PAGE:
It’s been six weeks since Gov. Ralph Northam (D) closed Virginia schools for the rest of the school year due to coronavirus panic, and the state’s third-wealthiest county still isn’t consistently teaching its nearly 190,000 students.
Fairfax County Public Schools tried to finally roll out online instruction last week, more than four weeks into the shutdown. “That ended in massive technological troubles, possible privacy breaches and online harassment of students and teachers, which led Fairfax to cancel school for several days,” reports the Washington Post.
The district’s technology staff are refusing to take any blame for the fiasco, the Post reported, and their union is demanding that they receive additional “hazard pay” even though students and teachers still can’t connect for learning.
“In the immediate future, Fairfax teachers will refrain from real-time video instruction, and use tools such as Google Classroom, prerecorded videos and learning packets,” the district superintendent has decided, according to the Post. His solution includes hiring lawyers and convening committees to evaluate the failures. Who knows how long that will take. The Post notes a dad who decided to pull his daughter from the district and homeschool her for the rest of the year as a result of the chaos.
Fairfax is one of the highest-ranked school districts in the state and nation, and the tenth-largest in the country. It spends approximately $16,000 per student per year, according to federal data.
Fairfax’s online schooling difficulties, delays, and incompetence are not an anomaly as governors indefinitely suspend kids’ futures due to coronavirus mass death theories that are failing to materialize. A survey of 82 of the nation’s largest school districts, which educate nearly one-fifth of American school kids, found in late March that only 10 percent were providing defenestrated children “any kind of real curriculum and instruction program.”
U.S. News and World Report wrote of the survey:
None of the 82 districts they reviewed are attempting anything comprehensive, where, for example, students engage in live discussions with teachers and classmates. And just four districts – less than 5% of those reviewed – provide formal curriculum, online instruction and student progress monitoring.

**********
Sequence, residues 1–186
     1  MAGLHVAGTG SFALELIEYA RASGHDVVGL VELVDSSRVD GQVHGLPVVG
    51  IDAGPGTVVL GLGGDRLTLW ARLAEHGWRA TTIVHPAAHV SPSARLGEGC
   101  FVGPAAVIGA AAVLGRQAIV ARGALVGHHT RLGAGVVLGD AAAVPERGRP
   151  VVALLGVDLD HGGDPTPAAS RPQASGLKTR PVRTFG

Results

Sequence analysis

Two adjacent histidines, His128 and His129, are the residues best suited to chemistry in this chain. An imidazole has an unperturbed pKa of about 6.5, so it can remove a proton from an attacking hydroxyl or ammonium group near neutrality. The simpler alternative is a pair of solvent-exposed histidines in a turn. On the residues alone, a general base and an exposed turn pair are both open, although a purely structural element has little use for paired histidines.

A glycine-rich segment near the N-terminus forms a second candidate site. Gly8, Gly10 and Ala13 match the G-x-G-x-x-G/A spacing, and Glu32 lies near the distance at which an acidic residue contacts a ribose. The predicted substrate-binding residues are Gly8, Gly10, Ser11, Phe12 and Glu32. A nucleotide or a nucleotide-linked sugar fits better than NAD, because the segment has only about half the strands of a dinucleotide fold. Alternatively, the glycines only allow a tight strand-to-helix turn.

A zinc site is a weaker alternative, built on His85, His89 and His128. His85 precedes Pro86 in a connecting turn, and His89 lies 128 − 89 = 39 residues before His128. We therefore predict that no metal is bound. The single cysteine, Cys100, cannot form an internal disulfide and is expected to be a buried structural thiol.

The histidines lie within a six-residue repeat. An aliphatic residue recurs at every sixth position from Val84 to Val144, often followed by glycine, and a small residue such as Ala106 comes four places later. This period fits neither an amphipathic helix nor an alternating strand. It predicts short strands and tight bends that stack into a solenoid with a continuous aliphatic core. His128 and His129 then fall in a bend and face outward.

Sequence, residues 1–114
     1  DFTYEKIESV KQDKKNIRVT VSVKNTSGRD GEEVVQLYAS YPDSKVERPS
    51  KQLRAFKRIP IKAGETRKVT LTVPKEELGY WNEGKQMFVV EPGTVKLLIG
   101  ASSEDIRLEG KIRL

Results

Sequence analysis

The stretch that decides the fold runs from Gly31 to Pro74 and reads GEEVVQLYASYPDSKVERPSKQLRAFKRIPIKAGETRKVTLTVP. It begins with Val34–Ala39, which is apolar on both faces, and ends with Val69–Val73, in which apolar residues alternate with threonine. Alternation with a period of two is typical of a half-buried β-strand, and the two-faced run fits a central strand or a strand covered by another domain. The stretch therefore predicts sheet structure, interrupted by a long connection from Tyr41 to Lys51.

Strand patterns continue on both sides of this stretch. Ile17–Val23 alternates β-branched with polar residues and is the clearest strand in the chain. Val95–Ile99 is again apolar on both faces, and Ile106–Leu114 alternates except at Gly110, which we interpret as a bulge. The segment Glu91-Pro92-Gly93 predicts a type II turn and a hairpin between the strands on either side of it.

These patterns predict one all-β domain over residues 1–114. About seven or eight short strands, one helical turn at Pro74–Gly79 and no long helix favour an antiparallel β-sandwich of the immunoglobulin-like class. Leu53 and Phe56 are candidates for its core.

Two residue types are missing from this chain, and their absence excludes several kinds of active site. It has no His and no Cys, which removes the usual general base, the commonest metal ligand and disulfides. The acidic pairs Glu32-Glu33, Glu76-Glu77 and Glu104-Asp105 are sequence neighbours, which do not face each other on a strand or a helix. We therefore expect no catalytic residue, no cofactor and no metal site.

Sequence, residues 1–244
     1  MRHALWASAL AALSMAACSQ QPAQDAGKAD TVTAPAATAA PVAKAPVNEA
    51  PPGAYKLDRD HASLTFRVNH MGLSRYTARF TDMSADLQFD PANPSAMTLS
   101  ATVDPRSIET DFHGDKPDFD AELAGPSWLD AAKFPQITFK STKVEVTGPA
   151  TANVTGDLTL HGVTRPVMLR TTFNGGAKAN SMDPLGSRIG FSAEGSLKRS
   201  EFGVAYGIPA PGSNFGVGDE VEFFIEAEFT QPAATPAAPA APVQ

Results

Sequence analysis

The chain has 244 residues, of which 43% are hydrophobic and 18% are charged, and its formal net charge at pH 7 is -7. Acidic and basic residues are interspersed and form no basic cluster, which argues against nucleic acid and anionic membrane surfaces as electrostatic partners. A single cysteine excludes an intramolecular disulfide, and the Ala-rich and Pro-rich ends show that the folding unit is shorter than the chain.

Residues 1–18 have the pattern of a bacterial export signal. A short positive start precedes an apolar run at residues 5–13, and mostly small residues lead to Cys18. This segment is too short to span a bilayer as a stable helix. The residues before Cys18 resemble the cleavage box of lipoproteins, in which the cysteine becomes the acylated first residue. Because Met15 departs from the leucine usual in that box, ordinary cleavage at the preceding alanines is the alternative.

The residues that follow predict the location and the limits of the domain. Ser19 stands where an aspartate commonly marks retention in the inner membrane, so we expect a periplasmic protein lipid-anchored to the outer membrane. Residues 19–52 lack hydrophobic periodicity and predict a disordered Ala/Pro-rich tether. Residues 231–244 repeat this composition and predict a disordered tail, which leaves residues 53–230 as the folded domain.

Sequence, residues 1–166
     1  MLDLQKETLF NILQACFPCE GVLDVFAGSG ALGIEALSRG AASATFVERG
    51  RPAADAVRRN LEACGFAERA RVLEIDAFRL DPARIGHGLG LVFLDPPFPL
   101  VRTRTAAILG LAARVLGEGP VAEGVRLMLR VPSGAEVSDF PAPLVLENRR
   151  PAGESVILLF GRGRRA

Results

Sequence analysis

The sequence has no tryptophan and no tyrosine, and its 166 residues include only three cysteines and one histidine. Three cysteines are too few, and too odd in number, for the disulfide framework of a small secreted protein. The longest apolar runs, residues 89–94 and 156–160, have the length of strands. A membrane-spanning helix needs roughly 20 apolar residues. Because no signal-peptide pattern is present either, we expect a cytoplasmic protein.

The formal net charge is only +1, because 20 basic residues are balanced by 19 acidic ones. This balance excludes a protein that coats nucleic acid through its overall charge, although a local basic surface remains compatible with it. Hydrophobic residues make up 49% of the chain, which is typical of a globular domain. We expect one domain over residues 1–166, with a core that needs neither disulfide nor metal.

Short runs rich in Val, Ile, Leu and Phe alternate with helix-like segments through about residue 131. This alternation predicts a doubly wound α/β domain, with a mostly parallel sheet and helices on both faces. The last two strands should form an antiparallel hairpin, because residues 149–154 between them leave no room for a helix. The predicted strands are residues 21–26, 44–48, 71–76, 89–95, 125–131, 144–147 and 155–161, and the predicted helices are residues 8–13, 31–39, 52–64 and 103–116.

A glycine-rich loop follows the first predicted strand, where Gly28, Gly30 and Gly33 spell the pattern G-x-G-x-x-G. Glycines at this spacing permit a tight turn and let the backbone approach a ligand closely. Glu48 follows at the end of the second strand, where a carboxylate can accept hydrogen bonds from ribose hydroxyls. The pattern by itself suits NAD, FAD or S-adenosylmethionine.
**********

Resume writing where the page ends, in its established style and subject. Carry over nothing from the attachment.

Instead, the majority provide links to general online resources, but no direction on how to use them. Some districts – 38% of those reviewed – provide a curriculum, but not instruction.
An April 15 update found that approximately one-quarter of these districts were providing kids curriculum, instruction, and progress monitoring, up from the initial 10 percent. Half the school districts were providing curriculum — i.e. online resources — but nothing else. Numerous studies find that online learning is usually less effective than in-person and hard-copy learning, not just because of tech difficulties and loss of personal attention but because of the added distractions in the online environment.
Instead of instruction, school districts focused more on social concerns such as continuing taxpayer-funded feeding programs that both congregate people back into schools and duplicate several other federal and state food welfare programs. Numerous school districts have decided to either give all students a pass/fail grade or, as in the case of San Francisco, award all children As for this school year regardless of what they have learned.
Tech rollouts in public school districts have a long history of highly expensive failure. Perhaps most notoriously was Los Angeles’s 2013 attempt at giving every child a taxpayer-funded iPad. The media-sensationalized, $1.3 billion spend immediately flopped due to wave after wave of tech difficulties. In the end, Los Angeles got a $6.4 million settlement from Apple and online curriculum vendor Pearson over the mess, leaving taxpayers $1.29 billion in the hole for essentially zero benefit to students.
While governors have closed schools for the rest of the school year for at least half the nation’s children so far (the rest have closed them, at least currently, until May 1), as NPR notes a study in the prestigious medical journal Lancet found closing schools is one of the least effective ways to reduce coronavirus transmission. “Recent modelling studies of COVID-19 predict that school closures alone would prevent only 2-4% of deaths, much less than other social distancing interventions,” the authors wrote.
Other research suggests that the shutdown setback to kids just from lost math instruction alone will cost the U.S. economy trillions over their lifetimes, and the personal loss of tens of thousands of dollars in lost lifetime earnings. Lower incomes are linked with poorer health and earlier deaths.